The use of quinacrine (Atabrine) for chronic discoid lupus erythematosus was discovered by Page ( 1951 ).1 It had been used independently for the same purpose in Russia and some Eastern European countries since the publication of Prokoptchouk's work (1940).2 Atabrine was soon found to be the most effective known treatment for discoid lupus erythematosus and a great deal safer than gold therapy. However, it has certain disadvantages in addition to the yellow staining of the skin, and other antimalarial drugs were assayed for their activity in controlling this condition. Chloroquine was shown to be equally effective (Goldman et al., 1953)3—in some cases more so—and had the additional merits of not staining the skin and of showing less tendency to produce troublesome drug rashes, such as the lichenoid dermatosis from quinacrine (mepacrine). Both drugs will cause gastrointestinal upset and a number of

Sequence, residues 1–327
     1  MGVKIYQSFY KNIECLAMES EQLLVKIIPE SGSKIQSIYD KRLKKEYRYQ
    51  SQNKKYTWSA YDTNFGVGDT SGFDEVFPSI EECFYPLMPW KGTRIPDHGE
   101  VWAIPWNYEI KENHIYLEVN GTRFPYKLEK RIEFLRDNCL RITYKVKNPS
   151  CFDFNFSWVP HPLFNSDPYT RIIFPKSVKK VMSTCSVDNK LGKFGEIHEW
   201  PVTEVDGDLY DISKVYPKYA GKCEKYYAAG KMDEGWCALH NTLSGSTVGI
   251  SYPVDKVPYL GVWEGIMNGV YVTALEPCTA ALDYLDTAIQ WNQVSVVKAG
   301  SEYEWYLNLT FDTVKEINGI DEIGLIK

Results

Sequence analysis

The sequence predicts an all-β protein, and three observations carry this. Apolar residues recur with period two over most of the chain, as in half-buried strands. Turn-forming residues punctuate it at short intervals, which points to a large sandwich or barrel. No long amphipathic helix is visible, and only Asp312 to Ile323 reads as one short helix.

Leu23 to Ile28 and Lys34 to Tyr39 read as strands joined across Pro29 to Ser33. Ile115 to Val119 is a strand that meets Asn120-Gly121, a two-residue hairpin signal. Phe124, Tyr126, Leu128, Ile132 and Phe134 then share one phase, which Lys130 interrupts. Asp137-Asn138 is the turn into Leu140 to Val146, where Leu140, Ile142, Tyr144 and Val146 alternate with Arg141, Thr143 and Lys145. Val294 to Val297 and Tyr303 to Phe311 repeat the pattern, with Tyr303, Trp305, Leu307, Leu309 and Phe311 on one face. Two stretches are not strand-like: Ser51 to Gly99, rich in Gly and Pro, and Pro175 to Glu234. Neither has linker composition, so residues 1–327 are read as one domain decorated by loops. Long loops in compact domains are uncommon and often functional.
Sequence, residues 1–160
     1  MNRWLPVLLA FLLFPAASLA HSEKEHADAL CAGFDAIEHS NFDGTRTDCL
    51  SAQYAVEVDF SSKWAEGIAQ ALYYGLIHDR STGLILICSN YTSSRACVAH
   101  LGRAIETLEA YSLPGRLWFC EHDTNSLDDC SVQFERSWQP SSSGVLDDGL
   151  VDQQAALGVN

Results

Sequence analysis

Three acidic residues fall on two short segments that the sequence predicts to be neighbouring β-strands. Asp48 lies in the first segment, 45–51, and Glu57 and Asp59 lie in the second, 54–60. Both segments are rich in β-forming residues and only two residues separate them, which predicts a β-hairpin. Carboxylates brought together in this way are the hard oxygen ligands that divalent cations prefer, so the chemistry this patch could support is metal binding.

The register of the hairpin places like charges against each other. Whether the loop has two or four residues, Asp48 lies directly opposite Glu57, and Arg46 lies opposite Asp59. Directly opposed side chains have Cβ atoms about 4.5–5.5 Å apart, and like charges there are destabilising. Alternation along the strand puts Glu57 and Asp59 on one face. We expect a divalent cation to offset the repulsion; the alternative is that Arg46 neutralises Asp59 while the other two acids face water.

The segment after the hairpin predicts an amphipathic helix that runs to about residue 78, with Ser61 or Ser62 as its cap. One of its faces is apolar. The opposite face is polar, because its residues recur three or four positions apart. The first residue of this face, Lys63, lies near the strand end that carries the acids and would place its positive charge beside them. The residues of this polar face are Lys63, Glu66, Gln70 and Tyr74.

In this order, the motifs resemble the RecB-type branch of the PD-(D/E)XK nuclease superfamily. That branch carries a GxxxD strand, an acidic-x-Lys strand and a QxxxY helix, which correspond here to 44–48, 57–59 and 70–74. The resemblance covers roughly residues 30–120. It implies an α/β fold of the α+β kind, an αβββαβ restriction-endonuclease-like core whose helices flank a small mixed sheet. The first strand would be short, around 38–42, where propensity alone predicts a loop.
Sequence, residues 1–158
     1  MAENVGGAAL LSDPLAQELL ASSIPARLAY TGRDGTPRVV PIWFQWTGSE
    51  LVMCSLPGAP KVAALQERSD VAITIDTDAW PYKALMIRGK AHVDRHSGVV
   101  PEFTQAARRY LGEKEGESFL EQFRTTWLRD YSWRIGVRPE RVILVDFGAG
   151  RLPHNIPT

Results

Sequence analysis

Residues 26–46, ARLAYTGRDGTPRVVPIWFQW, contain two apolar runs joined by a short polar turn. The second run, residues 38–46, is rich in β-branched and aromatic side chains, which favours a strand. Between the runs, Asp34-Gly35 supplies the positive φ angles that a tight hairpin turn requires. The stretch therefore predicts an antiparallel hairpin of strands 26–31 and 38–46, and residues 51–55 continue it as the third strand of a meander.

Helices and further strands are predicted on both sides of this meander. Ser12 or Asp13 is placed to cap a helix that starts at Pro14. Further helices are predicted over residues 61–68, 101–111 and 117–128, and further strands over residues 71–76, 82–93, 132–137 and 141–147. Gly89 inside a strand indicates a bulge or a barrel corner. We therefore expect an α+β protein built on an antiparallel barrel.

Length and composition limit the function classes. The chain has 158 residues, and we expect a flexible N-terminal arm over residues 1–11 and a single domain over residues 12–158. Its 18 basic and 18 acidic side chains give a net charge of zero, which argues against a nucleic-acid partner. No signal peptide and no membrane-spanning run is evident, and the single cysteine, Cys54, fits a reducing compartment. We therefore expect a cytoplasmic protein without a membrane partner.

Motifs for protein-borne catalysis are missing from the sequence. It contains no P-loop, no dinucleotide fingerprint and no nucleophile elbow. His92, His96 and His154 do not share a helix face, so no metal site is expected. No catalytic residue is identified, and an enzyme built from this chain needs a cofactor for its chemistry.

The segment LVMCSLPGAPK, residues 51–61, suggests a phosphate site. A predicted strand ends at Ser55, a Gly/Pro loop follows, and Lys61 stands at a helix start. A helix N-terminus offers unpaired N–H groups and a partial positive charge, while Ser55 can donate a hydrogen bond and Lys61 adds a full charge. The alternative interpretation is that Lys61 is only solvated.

HOBBS HE, CALNAN CD. Visual Disturbances with Antimalarial Drugs, with Particular Reference to Chloroquine Keratopathy. AMA Arch Derm. 1959;80(5):557–563. doi:10.1001/archderm.1959.01560230043008
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